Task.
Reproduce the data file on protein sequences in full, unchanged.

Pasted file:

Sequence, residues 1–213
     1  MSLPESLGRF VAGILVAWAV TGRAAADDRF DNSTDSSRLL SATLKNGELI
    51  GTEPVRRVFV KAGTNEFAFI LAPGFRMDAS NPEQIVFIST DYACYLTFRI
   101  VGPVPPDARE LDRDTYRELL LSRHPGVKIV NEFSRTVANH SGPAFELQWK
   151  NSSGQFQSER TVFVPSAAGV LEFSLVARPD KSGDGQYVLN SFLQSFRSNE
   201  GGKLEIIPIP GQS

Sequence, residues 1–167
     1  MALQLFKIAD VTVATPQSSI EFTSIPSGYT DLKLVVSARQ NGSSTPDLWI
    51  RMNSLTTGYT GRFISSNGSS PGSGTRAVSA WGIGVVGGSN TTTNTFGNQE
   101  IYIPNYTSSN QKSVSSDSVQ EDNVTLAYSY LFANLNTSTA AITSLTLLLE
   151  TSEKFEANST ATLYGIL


Sequence, residues 1–213
     1  MSLPESLGRF VAGILVAWAV TGRAAADDRF DNSTDSSRLL SATLKNGELI
    51  GTEPVRRVFV KAGTNEFAFI LAPGFRMDAS NPEQIVFIST DYACYLTFRI
   101  VGPVPPDARE LDRDTYRELL LSRHPGVKIV NEFSRTVANH SGPAFELQWK
   151  NSSGQFQSER TVFVPSAAGV LEFSLVARPD KSGDGQYVLN SFLQSFRSNE
   201  GGKLEIIPIP GQS

Sequence, residues 1–167
     1  MALQLFKIAD VTVATPQSSI EFTSIPSGYT DLKLVVSARQ NGSSTPDLWI
    51  RMNSLTTGYT GRFISSNGSS PGSGTRAVSA WGIGVVGGSN TTTNTFGNQE
   101  IYIPNYTSSN QKSVSSDSVQ EDNVTLAYSY LFANLNTSTA AITSLTLLLE
   151  TSEKFEANST ATLYGIL